• Just Add Water

    Just Add Water

    Most of us have seen the studies that show how bad it is when we don’t drink enough water. And now many of us are familiar with the ones that have shown us how dangerous it is to over drink. Science has provided us with plenty of opposing views, dissenting opinions, data points, experiments, and case studies. 

    But for a moment I’d like to step back and look at a little anecdotal evidence that drinking more water is a good thing.  A really good thing, in fact.

    Take a close look at yourself and imagine a scenario that I believe we endurance athletes have all experienced at some point or another…

    You’ve just done a hard workout or race, you’ve pushed hard, you’ve given your all, and you’ve fueled well throughout.  You drank fluids during, and you even timed the caffeine intake well enough to push yourself at the end of your session or race. And then you’re done and you’re propped up on the couch, struggling to keep your eyes open. You feel sleepy, lethargic, and all you can do is dream about another cup of coffee or a latte. Or even a Coca-Cola. Your instincts and desires steer you toward a quick pick-me-up—you want that caffeine kick. 

    How many of us have felt that? How many of us have grabbed the cup of joe, downed it, and attempted to go about our day, only to continue fighting that fatigue and lethargy all day long?  My guess is that it’s more common than we like to admit.  The caffeine did not do the trick, but why?

    While there are many symptoms of mild dehydration, one of the key clues that we are behind on our fluid consumption is sleepiness or tiredness.  And one of the quickest, easiest, and most effective ways to beat that feeling of being stuck to the couch after a hard workout is to sip (or gulp) a bottle of water—and yes, bottle size depends on the individual in question. 

    For a 200-pound, heavy sweating, mountain of a man, a full liter of crisp, clear water will go down easily.  For a svelte 120-pounder who glistens her way through a half marathon, 18 ounces might do the trick. But for nearly all of us, even when we feel we have very appropriately nailed our during-exercise consumption, there is often room to do a better job rehydrating after the fact.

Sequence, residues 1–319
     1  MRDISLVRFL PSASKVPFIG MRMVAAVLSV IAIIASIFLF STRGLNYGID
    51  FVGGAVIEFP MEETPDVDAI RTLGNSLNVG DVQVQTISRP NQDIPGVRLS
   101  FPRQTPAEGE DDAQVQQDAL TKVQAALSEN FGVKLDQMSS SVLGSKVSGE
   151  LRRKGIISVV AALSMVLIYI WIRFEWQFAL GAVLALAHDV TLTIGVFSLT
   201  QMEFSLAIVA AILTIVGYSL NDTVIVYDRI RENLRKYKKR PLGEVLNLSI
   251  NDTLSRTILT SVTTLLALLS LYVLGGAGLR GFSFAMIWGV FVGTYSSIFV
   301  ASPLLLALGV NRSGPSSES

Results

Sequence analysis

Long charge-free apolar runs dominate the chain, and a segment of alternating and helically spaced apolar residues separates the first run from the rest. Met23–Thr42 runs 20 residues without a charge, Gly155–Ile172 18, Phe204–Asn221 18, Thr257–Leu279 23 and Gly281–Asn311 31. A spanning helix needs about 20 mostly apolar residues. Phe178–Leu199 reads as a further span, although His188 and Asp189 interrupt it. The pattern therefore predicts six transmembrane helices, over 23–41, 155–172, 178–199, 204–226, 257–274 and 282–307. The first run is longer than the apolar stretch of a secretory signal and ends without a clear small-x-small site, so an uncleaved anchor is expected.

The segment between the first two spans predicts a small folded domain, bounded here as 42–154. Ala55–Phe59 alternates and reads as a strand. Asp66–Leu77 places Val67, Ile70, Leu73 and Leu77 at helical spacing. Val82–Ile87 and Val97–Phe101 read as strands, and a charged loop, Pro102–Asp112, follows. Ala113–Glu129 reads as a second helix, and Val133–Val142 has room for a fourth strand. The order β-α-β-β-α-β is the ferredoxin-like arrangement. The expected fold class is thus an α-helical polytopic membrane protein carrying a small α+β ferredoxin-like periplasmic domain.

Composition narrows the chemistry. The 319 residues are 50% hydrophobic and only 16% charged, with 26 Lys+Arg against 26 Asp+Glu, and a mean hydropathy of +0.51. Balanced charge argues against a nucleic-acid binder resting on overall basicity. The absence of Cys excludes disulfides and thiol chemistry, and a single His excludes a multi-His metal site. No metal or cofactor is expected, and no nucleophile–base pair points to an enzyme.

As a lifelong endurance athlete, a coach, and a commentator and announcer at triathlons the world over, I have seen a lot of racing and training in my day. I have seen my share of breakthroughs and breakdowns, sometimes from the same person on the same day.

    One memorable moment that has continued to be a reminder of the connection between sleepiness and hydration was the day I saw a top professional go from leading an Ironman on the run to lying down in a patch of grass noting that all she had wanted to do since halfway through the bike was “just curl up and take a nap.” After dropping out of the race, and downing a couple bottles of water, the athlete remarked “why do I feel so normal all of a sudden?” 

    My answer—and what hers should have been—just add water!

    While this example is a pretty extreme case of how more fluid would have altered the course of that athlete’s day, there are numerous examples of how our daily intake of water is under-prioritized. 

    Throughout the day it’s normal to feel a bit hungry, to feel a bit sleepy, or even to just feel a bit empty.  And a fairly typical response to each of those feelings is to drink coffee, grab a snack, eat some candy, or even take a nap.  And I’m not saying that those methods won’t make a difference. I’m just saying that often the most effective and simple solution to those doldrums is to reach for a bottle, glass, or carafe of your favorite water.

    For me it’s spring water from Eldorado Springs; for others it’s filtered water from the Britta; and in some locations, the choice is water straight from the hose out back.

    However you chose to make it happen, my advice is simple: just drink the water.

    And for those of you who don’t believe me, and you swear that the only way to stay awake post-workout is to order up a triple-shot Americano, I challenge you, no, I dare you, to test my theory.

  • Mindset Matters: Keeping Perspective

    Mindset Matters: Keeping Perspective

    When tackling the daunting task of racing Ironman—whether it’s your first time to cover 140.6, or you’re a multiple IM Champ—it’s essential to approach the day with the proper perspective.  I hear it all the time: “How on earth do you run an entire marathon after riding that far?” And there is also “112 miles?! I can’t even drive that far without getting tired.”